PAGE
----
Pancho Villa Double IPA is a well-made IPA and one of the best I’ve tasted in San Diego County. This beer is light gold in color, clear, with a white head. It’s a bit more fruity than bitter due to the hops Munson and Schell use and how they finish the beer. It has a nice aroma of citrus and spice, and tasty flavors of grapefruit and melon. As it warms, flavors like tropical fruit and vanilla begin to emerge. This beer has good body and a clean finish. Though the ABV is high, there is no alcohol taste. Overall, it has a good, clean hop character.
“I figure we are brewing in San Marcos and should be using the water supplied to us. Although, we do filter it to remove chlorine and particulates. And we adjust its pH when we sparge.”
– Steve Munson, Owner/Brewer Dos Desperados
After they finish adding hops to the boil at the right intervals, the liquid is quickly cooled and pumped into the waiting stainless fermenter where yeast is added (fourth stage begins). During this phase of the brewing process, the yeast he uses from White Labs starts doing its job of consuming the wort’s sugars and converting them into alcohol.
Although this process is followed the same way for each beer Munson and Schell make, it’s the grains, hops, and yeast, and their various combinations, that makes each batch different. This is where brewer artistry occurs in making craft beer.
Although it’s the combinations of brewing ingredients that allows them to make various styles of beer, there is one ingredient common to them all: water. “I use San Marcos city water to make all my beers,” he said. “I figure we are brewing in San Marcos and should be using the water supplied to us. Although, we do filter it to remove chlorine and particulates. And we adjust its pH when we sparge.”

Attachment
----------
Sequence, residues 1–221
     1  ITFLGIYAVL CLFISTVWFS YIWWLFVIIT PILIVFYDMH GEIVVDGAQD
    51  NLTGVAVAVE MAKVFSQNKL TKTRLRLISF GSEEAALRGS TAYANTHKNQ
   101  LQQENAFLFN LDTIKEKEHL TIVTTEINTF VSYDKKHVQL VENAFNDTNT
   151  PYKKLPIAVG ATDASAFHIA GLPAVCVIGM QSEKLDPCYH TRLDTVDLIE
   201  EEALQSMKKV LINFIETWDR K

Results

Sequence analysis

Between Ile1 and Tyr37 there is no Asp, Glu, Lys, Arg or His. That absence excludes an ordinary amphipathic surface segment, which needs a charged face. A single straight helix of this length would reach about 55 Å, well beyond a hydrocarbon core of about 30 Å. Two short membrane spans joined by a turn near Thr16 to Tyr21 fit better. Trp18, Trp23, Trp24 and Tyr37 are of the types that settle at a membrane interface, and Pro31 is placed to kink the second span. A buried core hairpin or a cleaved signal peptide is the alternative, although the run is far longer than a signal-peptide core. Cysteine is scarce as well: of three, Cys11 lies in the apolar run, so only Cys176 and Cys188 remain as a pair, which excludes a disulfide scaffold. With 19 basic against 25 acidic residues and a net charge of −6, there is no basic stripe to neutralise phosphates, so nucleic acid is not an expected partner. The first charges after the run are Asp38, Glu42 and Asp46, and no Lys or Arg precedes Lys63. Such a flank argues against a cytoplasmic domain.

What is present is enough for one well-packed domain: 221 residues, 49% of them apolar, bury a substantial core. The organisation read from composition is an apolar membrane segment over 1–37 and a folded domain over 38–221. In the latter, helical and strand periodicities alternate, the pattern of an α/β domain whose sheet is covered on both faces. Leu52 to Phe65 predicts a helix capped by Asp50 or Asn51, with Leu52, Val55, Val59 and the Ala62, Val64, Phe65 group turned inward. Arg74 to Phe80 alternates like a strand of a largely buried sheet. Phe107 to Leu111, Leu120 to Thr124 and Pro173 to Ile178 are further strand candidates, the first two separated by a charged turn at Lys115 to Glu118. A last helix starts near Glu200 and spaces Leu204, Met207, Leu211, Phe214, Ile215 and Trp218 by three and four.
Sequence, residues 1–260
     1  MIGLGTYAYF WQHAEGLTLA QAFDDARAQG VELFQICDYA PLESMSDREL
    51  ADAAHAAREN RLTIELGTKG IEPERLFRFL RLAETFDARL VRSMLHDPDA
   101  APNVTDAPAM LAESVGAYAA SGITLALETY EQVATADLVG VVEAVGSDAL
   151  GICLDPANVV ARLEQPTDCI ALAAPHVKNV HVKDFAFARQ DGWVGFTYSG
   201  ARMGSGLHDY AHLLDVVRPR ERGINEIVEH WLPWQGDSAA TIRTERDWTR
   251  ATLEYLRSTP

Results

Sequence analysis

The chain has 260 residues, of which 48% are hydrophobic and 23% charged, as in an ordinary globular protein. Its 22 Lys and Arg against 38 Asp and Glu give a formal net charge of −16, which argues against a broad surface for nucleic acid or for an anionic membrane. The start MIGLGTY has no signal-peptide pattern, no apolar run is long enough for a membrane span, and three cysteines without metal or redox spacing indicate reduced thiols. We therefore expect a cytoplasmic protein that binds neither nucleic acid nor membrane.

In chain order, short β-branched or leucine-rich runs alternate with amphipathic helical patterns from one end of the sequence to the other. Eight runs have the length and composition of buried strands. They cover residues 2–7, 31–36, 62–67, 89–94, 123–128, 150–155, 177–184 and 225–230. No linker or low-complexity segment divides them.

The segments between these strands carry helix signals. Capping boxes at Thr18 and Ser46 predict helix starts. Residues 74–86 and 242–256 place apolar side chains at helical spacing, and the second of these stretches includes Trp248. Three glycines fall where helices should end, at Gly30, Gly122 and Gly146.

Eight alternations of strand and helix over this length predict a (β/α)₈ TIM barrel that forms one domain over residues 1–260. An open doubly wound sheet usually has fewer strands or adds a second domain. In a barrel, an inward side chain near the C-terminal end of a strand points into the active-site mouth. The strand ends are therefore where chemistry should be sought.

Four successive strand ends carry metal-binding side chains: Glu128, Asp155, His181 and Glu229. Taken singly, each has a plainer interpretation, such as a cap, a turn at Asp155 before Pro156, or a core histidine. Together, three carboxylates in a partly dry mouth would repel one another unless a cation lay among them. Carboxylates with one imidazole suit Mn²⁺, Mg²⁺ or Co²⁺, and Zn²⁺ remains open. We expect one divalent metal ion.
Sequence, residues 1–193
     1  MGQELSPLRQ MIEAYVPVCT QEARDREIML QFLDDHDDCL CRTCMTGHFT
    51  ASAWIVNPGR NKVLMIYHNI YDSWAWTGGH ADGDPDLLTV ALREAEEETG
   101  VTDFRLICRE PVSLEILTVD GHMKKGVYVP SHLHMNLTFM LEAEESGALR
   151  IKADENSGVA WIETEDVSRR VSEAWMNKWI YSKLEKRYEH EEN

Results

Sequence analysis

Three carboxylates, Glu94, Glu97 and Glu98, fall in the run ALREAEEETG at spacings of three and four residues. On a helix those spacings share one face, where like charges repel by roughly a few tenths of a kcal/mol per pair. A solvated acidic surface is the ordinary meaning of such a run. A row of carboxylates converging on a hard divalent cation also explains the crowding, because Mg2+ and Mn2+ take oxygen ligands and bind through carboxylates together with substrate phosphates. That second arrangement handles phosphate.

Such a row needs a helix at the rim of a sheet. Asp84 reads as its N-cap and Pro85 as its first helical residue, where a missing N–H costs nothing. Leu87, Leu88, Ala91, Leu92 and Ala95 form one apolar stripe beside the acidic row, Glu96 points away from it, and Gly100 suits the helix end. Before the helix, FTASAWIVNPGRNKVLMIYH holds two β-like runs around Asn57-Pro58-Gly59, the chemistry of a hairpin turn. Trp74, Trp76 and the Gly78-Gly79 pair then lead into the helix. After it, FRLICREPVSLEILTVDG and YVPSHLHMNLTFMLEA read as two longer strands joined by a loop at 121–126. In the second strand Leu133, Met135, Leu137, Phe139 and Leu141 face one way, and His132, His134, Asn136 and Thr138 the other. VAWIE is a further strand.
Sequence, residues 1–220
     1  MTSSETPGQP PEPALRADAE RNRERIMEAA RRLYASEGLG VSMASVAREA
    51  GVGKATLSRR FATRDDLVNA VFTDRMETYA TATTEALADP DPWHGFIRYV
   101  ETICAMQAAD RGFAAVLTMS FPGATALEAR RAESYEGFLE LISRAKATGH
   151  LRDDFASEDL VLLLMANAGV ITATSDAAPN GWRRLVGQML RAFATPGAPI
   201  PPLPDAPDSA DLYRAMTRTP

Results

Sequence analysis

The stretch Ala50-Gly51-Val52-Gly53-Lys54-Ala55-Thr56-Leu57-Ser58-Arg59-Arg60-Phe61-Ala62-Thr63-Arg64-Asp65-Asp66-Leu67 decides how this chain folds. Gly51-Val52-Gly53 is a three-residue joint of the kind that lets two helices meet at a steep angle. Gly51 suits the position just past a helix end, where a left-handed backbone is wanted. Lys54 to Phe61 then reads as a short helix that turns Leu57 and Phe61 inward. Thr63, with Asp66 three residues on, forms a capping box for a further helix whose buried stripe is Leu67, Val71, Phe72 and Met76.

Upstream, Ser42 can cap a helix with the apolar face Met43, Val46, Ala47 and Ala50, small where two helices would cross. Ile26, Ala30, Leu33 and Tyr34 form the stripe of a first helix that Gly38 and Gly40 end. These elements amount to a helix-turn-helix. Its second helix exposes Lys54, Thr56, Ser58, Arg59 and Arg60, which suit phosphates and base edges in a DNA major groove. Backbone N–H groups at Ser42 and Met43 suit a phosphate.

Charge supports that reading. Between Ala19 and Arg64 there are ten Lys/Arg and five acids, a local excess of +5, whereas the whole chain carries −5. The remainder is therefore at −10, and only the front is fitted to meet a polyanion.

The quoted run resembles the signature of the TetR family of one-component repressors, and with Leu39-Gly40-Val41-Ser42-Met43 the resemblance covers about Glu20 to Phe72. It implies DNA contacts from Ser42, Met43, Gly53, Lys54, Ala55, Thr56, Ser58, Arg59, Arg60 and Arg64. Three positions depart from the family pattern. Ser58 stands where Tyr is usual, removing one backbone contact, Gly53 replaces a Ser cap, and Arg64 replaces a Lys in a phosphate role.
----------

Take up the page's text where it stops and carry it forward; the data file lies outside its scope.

Munson is a patient, generous man with a calm demeanor. Though humble when talking about them, he makes good beers. Right now there are 14 beers on tap at Dos Desperados, an array to suit the tastes of any beer drinker. It’s obvious they are passionate about craft beer in general, and making good beer to share with the community, in particular.
When Munson talks about his beers I could almost see the wheels turning in his mind, running a movie of the brewing process in his head, reeling off the variables of involved in each of his beers. Dos Desperados is in Munson’s mind as it is all around him in the physical world. You can see it in his eyes as he proudly, but humbly, pours us another sample.
After visiting Dos Desperados I highly recommend it as a destination brewery on the Hops Highway. Sit at the bar like we did and look around. Evidence of the artistry which created the beer in your glass is easy to see. And if Munson is behind the bar as he often is, ask him about his latest works of art. He’ll talk about them like it’s no big deal, but we know better.
Munson and Schell’s goal has always been to provide a tasty selection of quality beers to quench thirsts of family, friends, and North San Diego County. It’s a real treat to relax at Dos Desperados while savoring their beers. You’ll see for yourself that the Munson’s have met their goal of being a family-friendly neighborhood craft brewery.